After the tournament, Elena tells her father. She reflects on her selfies with the fighters in the tournament and recalls her experience with Blanka, El Fuerte and Akuma, she resolves to become friends with people from every country. With that, she decides to head for her next trip to Japan. Elena is featured as a playable character via DLC in Street Fighter X Tekken. A few elements of Elena's story are based on her role in the Street Fighter III: Ryu Final manga, including her choice of Dudley as her partner. In her story, Elena finds herself summoned to Dudley's estate and tells him she was told by a tree in his garden that the two of them must take a journey to Antarctica. Dudley insists that he return in time for his next bout. Along the way, the two meet Tekken's Christie Monteiro, a fellow capoeira fighter whom Elena spars with. While Dudley was less than thrilled about the journey to begin with, it turns out that Elena's cheerful demeanor helped make it a fun trip; as Pandora opens, it creates a geyser of light, reminding Elena of "flowers falling from the sky", prompting Dudley to invite her to his garden.
Returning to Britain, Elena told the tree who summoned her all about the trip, the tree seemed to be listening intently. Elena is one of the playable Capcom-side character cards appearing in the SNK vs. Capcom: Card Fighters Clash series, she appears in a cameo in the beach stage in Super Gem Fighter Mini Mix and in the London stage in Capcom vs. SNK 2. Elena was added to the social game Street Fighter Battle Combination in 2016. In Street Fighter III: Ryu Final, a manga adaptation of the game, Elena has a small but important role as she is able to mystically communicate with Ryu via a sacred tree when he was temporarily knocked out during his battle with Dudley. After speaking with Elena, Ryu is able to develop a new technique called "The Fist of the Wind" with which he defeats Dudley. Elena appears in a larger role in the Street Fighter Legends: Ibuki comic book series by UDON Entertainment. In it, she ends up being sent to the same school as Ibuki, Makoto and Sarai Kurosawa, her height and exotic appearance cause her to become popular with her classmates, she ends up fighting alongside Ibuki and Makoto against the Geki ninja clan.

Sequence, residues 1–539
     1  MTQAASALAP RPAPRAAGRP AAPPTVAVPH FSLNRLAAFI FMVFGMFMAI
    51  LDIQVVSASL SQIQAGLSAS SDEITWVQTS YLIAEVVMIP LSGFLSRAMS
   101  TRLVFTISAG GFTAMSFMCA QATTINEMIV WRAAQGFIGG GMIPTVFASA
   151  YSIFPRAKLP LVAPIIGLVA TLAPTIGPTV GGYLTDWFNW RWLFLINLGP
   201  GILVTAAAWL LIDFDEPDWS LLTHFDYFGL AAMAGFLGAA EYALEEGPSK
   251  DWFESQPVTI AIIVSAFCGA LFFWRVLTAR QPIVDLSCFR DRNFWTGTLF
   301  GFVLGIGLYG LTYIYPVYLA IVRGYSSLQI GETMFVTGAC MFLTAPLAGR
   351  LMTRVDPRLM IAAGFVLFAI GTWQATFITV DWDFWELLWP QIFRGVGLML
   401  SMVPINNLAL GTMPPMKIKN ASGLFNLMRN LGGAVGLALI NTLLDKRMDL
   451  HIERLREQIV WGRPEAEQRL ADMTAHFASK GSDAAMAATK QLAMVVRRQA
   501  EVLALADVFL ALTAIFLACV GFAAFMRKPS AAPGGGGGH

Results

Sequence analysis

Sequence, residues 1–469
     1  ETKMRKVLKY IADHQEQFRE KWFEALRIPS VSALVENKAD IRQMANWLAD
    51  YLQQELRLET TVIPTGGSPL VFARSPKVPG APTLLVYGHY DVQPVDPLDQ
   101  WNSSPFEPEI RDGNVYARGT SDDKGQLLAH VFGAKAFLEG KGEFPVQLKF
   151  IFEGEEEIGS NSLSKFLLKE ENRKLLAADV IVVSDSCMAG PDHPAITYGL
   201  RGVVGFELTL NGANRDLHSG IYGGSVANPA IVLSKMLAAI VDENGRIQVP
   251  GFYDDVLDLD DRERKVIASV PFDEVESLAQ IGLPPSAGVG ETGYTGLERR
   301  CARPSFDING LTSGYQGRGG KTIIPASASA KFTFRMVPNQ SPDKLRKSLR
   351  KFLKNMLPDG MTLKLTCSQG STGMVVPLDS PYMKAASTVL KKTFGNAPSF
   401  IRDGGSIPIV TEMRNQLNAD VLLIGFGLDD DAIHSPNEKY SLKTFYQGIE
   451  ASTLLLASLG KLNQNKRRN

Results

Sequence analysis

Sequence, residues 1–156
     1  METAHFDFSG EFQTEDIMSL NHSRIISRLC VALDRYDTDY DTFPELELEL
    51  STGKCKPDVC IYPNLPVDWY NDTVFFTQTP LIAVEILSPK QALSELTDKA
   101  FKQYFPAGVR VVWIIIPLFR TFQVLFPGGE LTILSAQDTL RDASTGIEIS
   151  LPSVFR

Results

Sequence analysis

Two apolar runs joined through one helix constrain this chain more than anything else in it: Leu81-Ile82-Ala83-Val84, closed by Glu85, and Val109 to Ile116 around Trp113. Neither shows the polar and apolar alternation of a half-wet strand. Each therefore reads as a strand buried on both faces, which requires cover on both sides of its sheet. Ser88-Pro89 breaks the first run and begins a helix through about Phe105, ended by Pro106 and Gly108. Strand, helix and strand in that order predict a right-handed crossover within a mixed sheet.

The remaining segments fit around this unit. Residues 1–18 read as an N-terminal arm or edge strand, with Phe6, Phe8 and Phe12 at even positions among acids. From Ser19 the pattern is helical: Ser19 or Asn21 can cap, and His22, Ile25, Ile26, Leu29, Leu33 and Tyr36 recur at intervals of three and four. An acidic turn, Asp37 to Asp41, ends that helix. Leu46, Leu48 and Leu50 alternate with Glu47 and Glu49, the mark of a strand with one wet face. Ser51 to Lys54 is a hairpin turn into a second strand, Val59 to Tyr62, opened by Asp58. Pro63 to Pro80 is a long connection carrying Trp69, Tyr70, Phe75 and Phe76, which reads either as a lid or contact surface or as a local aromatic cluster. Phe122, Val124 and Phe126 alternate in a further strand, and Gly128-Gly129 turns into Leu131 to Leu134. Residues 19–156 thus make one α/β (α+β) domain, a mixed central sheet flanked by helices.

Elena figures were released by manufacturers including G-Dome, Mad Hands and Kotabukiya. Her cards are featured in the card game Universal Fighting System. Street Fig
Tulloch railway station is a rural railway station in the remote Tulloch area of the Highland region of Scotland. This station is on the West Highland Line, 105 miles north of Glasgow Queen Street; the station was laid out with one on either side of a crossing loop. There are sidings on the north side of the station; when the railway opened in 1894 the station was named Inverlair, after the nearby Inverlair Lodge. The station buildings are now used as a hostel. During the construction of the Lochaber hydroelectric scheme in the 1930s a small halt was located at Fersit, a short distance south on the line towards Corrour; the signal box, which had 15 levers, was situated on the Up platform. From the time of its opening in 1894, the West Highland Railway was worked throughout by the electric token system; the semaphore signals were removed on 23 February 1986 in preparation for the introduction of Radio Electronic Token Block by British Rail. The RETB system was commissioned between Upper Tyndrum and Fort William Junction on 29 May 1988.